Commercial Division Rule Revisions Continue to Promote Efficiency in Complex Cases
In an effort to streamline litigation in the Commercial Division, the Commercial Division Advisory Council has continued with its revisions to the Commercial Division Rules by recently implementing one new rule encouraging early adjudication on threshold issues, and revising another rule to approve the use of technology-assisted review in discovery.
The new rule, Rule 9-a, which was implemented just last week, explicitly encourages parties to request that Commercial Division Justices employ a pre-trial evidentiary hearing or immediate trial on material factual issues. While these streamlined procedures may be used in connection with any dispositive motions, the Commercial Division Advisory Counsel specifically noted that such procedures may be useful in addressing preliminary dispositive issues, such as statute of limitations or jurisdictional defenses. The new rule should help practitioners before the Commercial Division obtain a prompt preliminary adjudication of their matters, particularly with respect to defendants confronted with untimely or jurisdictionally defective claims.
Additionally, on July 19, 2018, the Commercial Division adopted a new subdivision (f) of Rule 11-e. That addition to Rule 11-e encourages the parties “to use the most efficient means to review documents,” which “may include technology-assisted review, including predicative coding, in appropriate cases.” This explicit encouragement of the use of technology-assisted review in the court rules, places the Commercial Division at the forefront of complex litigation courts. By adopting this new rule, the New York Commercial Division becomes one of the first courts to explicitly approve of the use of technology-assisted review in its court rules.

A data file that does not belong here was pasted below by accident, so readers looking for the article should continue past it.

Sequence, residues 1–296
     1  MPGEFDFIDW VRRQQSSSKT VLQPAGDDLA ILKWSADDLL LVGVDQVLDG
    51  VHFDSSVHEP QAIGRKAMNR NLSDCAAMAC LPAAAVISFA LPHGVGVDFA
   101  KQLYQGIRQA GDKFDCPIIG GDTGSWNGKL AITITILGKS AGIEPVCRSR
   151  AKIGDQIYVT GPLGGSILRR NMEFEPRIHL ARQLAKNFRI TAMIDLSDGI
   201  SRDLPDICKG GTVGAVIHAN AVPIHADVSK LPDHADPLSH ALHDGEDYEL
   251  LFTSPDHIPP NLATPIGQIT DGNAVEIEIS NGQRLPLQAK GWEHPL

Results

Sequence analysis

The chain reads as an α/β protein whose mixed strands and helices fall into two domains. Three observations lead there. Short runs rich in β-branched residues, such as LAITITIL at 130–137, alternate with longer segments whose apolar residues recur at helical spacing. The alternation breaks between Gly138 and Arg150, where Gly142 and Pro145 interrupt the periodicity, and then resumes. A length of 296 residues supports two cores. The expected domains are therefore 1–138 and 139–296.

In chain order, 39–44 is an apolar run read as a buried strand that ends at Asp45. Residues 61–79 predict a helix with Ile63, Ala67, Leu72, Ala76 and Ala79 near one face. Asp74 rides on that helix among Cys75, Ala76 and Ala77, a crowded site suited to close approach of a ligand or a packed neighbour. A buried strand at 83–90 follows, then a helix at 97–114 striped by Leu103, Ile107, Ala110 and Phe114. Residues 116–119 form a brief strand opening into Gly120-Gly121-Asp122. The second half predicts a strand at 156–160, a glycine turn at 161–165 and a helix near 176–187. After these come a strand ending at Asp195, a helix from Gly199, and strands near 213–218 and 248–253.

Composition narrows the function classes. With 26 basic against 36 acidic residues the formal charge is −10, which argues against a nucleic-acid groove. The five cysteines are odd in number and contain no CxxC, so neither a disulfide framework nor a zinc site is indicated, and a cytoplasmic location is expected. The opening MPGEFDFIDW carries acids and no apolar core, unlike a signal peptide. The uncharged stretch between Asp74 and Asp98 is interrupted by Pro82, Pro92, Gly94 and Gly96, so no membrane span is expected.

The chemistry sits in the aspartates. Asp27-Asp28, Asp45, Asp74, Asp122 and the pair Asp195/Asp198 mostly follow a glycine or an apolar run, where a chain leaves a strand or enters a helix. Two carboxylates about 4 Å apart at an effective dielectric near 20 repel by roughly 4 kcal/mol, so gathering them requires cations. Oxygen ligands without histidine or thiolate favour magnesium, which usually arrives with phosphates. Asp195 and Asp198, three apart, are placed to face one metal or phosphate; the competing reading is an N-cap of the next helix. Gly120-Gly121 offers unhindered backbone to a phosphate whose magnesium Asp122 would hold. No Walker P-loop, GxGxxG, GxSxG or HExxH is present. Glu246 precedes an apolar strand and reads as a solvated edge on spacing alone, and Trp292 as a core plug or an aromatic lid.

In addition to these two recent changes, the Commercial Division is also considering two additional amendments to its rules. The first proposed amendment would substitute the present page limitations with respect to briefs in the Commercial Division, which currently is 25 pages for opening and opposition briefs and 15 pages for replies, with word limitations of 7,000 words and 4,200 words respectively. The second proposed amendment encourages parties to select a mutually acceptable mediator in connection with mediation in the Commercial Division. That amendment is subject to public comment through August 20, 2018.
The recent and proposed changes to the Commercial Division Rules follow in the wake of several other rules updates that were implemented on January 1, 2018. The first of those changes updated Rule 10 and Rule 11 by requiring counsel to submit a statement at the preliminary conference, as well as each subsequent compliance or status conference, certifying that they have discussed alternative dispute resolution options with their clients. The second rule change implemented a special docket for complex business disputes with at least $50 million at stake. The third rule change amended Rule 202.70(d) to reference a sample clause for parties to select the Commercial Division as the method for resolving any dispute, provided the dispute meets the other jurisdictional requirements of the Commercial Division. Finally, the fourth and fifth rule changes involved updating the model status conference and compliance conference stipulation and order forms to assist in efficient resolution and management of discovery and case management disputes at the commencement of each case.
Each of these changes, and particularly the recent amendments concerning early adjudication and technology-assisted review, are consistent with the Commercial Division’s goal of providing a forum that allows clients to litigate their disputes in an efficient, expedient and predictable way. These changes should continue to encourage practitioners to promote the Commercial Division as a premier venue for adjudicating high-stakes commercial disputes.